enviroschools newsletter no.7.indd - Waikato Regional Council

waikatoregion.govt.nz

enviroschools newsletter no.7.indd - Waikato Regional Council

Waikato Enviroschools

Welcome to the seventh edition of the Waikato

Enviroschools newsletter.

This newsletter includes information on environmental

education, worms, weedbusters, air quality and what is

happening in some Enviroschools.

Environmental education is the second of the five main

principles guiding the Enviroschools programme. These

principles are derived from emerging understanding

about how environment, ecology, education, society and

culture each contribute to creating a sustainable world.

Schools are encouraged to develop these principles and

continually check for signs that they are growing and

visible. The five principles are as follows:

• sustainable communities

• environmental education

• genuine student participation

• Maori perspectives

• respect for the diversity of people and cultures.

In this year’s newsletters we are focusing on each of these

principles in turn.

The recent zero waste and living landscapes workshop at

Hillcrest Normal School was a great success, attracting

27 schools and approximately 150 students. Most schools

came for the whole day and feedback was very positive.

The day was based on the action learning cycle, which

identifies the current situation, explores alternatives, takes

action and then reflects on the changes. Information is

included in this newsletter about some things schools

might decide to do to follow on from this workshop.

Please see the dates for workshops and upcoming coffee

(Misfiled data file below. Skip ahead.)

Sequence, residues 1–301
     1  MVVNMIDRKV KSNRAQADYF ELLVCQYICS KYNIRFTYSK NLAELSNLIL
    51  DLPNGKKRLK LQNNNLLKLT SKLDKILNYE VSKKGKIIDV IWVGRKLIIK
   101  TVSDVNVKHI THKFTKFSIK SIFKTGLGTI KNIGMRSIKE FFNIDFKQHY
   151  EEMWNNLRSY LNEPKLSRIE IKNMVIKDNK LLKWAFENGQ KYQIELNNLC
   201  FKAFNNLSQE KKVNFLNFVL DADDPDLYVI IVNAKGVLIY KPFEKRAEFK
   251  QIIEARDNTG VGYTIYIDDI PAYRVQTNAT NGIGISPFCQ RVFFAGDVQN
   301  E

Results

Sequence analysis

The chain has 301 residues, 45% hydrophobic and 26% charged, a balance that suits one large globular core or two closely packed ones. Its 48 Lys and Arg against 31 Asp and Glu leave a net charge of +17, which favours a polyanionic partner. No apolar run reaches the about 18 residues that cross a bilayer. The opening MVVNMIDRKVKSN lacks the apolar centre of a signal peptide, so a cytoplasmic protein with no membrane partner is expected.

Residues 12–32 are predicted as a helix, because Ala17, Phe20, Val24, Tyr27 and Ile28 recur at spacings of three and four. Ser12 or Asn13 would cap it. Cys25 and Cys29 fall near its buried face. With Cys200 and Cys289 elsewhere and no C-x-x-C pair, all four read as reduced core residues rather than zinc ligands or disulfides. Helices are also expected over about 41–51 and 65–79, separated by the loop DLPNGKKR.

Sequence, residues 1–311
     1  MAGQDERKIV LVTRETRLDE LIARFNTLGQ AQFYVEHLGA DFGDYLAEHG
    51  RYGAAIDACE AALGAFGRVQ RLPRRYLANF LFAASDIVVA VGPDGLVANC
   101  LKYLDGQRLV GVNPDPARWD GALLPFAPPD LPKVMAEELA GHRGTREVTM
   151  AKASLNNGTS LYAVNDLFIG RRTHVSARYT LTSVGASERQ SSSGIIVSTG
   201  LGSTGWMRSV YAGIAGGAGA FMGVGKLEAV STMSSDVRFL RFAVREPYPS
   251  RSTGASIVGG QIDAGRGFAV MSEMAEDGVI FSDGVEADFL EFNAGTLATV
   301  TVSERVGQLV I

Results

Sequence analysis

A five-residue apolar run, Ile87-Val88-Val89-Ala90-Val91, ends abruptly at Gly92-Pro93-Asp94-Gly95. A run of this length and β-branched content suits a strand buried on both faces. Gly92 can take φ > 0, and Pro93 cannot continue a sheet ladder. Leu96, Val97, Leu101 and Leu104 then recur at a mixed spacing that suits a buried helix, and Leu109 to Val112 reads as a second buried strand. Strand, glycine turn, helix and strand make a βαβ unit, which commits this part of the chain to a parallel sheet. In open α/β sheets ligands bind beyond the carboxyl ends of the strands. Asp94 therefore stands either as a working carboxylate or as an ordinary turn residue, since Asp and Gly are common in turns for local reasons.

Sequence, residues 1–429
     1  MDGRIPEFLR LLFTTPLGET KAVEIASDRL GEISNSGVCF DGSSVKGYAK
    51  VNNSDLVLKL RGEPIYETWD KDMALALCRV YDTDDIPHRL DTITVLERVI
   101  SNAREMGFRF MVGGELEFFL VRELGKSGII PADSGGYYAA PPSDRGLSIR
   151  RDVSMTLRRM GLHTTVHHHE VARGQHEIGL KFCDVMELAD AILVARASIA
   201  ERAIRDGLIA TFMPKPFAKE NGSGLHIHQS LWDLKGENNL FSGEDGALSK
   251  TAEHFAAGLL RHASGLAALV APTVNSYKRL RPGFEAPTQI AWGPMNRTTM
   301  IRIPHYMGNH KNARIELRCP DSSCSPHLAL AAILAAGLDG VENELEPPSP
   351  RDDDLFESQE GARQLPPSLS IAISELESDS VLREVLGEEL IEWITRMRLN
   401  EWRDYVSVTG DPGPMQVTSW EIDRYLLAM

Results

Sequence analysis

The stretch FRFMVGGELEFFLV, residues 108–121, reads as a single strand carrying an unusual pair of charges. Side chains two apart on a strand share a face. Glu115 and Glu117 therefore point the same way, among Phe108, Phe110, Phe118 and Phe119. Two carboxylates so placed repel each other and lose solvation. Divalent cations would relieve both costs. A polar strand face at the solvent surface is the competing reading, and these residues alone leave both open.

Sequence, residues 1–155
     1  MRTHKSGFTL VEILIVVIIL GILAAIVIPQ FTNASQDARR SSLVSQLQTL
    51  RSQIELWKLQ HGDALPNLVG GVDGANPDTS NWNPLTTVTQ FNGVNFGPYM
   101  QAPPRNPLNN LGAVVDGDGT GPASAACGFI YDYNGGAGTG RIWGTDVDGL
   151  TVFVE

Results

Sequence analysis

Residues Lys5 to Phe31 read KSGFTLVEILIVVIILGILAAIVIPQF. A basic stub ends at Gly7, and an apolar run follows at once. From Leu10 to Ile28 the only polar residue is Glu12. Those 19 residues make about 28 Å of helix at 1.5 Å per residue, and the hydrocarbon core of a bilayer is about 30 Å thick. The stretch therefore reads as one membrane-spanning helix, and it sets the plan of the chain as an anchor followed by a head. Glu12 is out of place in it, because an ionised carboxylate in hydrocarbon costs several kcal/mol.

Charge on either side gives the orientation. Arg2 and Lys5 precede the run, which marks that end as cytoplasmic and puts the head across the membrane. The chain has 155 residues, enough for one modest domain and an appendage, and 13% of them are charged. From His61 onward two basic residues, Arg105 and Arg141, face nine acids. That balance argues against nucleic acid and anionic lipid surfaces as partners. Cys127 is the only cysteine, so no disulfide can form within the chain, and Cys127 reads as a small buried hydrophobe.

and cake afternoons planned for 2006 on the back page

of this newsletter.

If you or your school would like to contribute to this

newsletter please contact me or your facilitator to arrange

it.

If you would like to talk to me about the Enviroschools

programme or any of Environment Waikato’s resources

for schools, email dean.king@ew.govt.nz or phone

(07) 859 0970. For further resources and previous

editions of this newsletter visit www.ew.govt.nz.

Dean King

Regional Enviroschools Co-ordinator

Environmental

newsletter no.7

education

The last Enviroschools newsletter focused on the first of the

five Enviroschools guiding principles – sustainability. This

edition highlights the second of these guiding principles

– environmental education.

Environmental education is an action-focused approach

to learning that engages us in the physical, social, cultural

and political aspects of our environment.

This approach is also known as ‘sustainability education’

or ‘education for sustainable development’. Environmental

learning is holistic and integrated across the curriculum,

not confined to one subject. Environmental education has

three dimensions:

Education about the environment

Provides information on the workings of the environment

- natural systems and the interactions between humans

and the environment. This informative approach is

concerned with developing awareness, knowledge and

understanding of the environment.

Education in the environment

Includes activities based outside the classroom setting

that encourage personal growth through contact with the

environment.

Education for the environment

Has environmental improvement as a goal. It can develop

a sense of responsibility and empower people to feel that

they can make a difference by being actively involved.

The aim is to strengthen students’ knowledge, skills,

attitudes, values, awareness and participation and to

foster environmental citizenship.